In fall 2012, New Jersey already had a robust electronic record system in place for case management. In preparation for the storm, DCF established the existing child abuse hotline as the hub or central point of communications for contact with DCF on any issue. All children’s and women’s service providers and all foster parents were notified of this central contact hub via blast e-mails, phone calls, and alerts on the DCF website. Staff were sent to coastal areas to retrieve state vehicles used to
transport children and move them to higher ground so they would be serviceable after the storm.
After the Storm
Devastating flooding and widespread power outages meant that many people did not have television or Internet access to obtain news. The DCF central operations, where the hotline is based, did not flood or lose power, and it became the central point of communications and operations. DCF was able to put in calls to every foster parent in the state within the first 5 days after the storm. There were also daily conference calls with FEMA and the Red Cross.
The day after the storm, the governor’s office began holding conference calls twice daily and providing reports on the number of people in shelters. Although they had data on the number of adults, senior citizens, and even pets, there were no data on children in shelters. As a result, DCF sent “well-being teams” to the shelters to meet with the Red Cross and the county staff and check on the children and families. Blake explained that the name of the teams was intentionally chosen because many people hear “State Department of Children and Families” but think “Child Protective Services.” Blake noted that although many individuals and families who stayed in longer-term shelters were not known to the public systems, they had been living on the edge and were in need of public services. DCF had public health nurses and social workers talking with these people to understand why they were still in the shelter after they were able to return to their communities or other housing options.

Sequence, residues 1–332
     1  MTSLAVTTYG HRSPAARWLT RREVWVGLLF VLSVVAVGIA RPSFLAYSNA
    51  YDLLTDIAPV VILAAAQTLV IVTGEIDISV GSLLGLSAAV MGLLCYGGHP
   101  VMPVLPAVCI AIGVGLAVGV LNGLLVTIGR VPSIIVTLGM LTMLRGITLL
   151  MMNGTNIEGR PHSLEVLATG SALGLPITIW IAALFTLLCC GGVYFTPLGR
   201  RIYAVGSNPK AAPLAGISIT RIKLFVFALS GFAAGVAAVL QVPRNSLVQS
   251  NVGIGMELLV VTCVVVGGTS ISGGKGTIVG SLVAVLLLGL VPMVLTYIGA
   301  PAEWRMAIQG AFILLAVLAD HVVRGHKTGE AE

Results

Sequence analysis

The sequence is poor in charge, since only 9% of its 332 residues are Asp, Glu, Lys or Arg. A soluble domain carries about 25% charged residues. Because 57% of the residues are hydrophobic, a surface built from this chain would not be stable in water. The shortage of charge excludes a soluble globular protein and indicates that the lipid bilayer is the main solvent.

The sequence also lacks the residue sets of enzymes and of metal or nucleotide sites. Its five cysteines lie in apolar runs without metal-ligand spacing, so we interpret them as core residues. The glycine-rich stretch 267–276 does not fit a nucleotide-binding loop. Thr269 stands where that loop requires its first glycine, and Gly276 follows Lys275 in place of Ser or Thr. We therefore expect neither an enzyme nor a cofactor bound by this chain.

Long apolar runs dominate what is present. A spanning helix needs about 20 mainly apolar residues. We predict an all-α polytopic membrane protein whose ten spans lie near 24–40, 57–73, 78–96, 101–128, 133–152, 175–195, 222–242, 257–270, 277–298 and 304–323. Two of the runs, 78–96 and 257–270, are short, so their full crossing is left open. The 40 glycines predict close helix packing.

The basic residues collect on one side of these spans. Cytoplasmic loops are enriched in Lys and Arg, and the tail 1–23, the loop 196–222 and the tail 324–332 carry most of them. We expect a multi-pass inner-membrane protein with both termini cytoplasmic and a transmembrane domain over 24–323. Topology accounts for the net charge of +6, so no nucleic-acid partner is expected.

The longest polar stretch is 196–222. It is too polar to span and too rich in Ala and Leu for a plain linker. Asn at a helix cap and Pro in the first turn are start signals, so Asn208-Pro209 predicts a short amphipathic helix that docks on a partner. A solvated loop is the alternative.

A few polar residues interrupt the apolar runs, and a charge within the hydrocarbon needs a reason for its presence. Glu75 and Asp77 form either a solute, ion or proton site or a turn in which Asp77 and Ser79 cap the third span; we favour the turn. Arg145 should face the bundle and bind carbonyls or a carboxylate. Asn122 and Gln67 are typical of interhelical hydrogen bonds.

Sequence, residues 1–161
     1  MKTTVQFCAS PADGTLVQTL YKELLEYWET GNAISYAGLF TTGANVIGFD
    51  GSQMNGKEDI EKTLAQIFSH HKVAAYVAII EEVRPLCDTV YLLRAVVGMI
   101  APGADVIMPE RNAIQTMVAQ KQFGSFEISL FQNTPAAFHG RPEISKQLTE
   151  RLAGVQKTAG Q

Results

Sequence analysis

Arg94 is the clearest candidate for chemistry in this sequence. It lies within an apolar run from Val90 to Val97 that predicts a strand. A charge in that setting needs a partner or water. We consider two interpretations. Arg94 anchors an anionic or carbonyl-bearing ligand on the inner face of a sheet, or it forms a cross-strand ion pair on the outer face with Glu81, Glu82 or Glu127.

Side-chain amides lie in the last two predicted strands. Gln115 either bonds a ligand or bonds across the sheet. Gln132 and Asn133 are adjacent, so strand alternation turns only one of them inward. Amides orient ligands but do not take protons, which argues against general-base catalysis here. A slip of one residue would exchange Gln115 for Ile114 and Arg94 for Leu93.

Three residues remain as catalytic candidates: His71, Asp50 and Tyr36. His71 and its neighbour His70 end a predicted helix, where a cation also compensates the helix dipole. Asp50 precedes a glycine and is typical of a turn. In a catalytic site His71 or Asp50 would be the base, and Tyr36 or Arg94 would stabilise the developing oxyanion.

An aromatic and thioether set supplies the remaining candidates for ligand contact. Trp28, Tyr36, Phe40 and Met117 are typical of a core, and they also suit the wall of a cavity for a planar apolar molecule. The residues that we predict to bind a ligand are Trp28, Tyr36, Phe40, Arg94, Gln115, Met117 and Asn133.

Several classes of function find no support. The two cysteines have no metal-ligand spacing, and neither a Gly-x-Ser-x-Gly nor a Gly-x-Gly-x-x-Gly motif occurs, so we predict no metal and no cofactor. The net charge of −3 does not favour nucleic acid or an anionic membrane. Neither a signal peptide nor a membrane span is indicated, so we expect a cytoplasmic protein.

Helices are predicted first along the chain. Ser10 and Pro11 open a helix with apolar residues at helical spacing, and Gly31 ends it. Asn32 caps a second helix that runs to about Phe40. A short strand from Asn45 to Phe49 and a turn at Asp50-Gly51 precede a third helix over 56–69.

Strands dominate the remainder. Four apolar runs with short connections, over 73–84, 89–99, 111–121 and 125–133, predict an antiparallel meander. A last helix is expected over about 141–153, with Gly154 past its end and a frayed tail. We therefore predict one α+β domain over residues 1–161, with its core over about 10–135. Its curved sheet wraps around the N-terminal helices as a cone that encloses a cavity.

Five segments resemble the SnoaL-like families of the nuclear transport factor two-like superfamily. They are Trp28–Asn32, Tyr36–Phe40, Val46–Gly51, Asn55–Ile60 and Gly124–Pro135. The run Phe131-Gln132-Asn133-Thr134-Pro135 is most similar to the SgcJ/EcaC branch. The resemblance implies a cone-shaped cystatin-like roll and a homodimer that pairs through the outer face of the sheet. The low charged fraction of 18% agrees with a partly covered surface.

A key aspect of the response to Hurricane Sandy was coalition building though the activation of existing resources and relationships. Immediately after the storm, DCF contacted the human services directors in the impacted counties. DCF also reached out to the FEMA-operated disaster recovery centers to provide information about available local social services and community support. The State-Led Child Task Force was also created, focused on identifying a short-term recovery plan for children and families, and long-term recovery needs around trauma, resilience, and other issues. In addition to DCF and the New Jersey Departments of Health, Human Services, and Education, task force members included FEMA, ACF, AAP, New Jersey Volunteer Organizations
New Jersey DCF Long-Term Recovery Plan Target Areas of Focus
Strengthening families and preventing incidence of child abuse that would be exacerbated by the storm
- Strategically bolster DCF’s network of Family Success Centers to enable the centers to continue to be a resource to families during the long-term recovery phase.
- Provide direct assistance to foster/resource homes displaced by the storm to maintain stable home environments for children under the care of the Department of Child Protection and Permanency.
- Ensure child protection worker caseload sizes remain at appropriate levels to be able to effectively and efficiently respond to allegations of abuse or neglect.
- Expand respite services for families with children with special needs.
- Engage pediatric primary health care practices in a partnership to assess, identify, and intervene in a coordinated manner to mitigate the potential negative impacts of this disaster.
Preventing violence and exploitation exacerbated by the storm’s impact
- Broaden existing domestic violence prevention programming.
- Prepare the domestic violence intervention system for the expected increase in incidents of domestic violence.
- Strengthen programs for homeless youth and victims of human trafficking.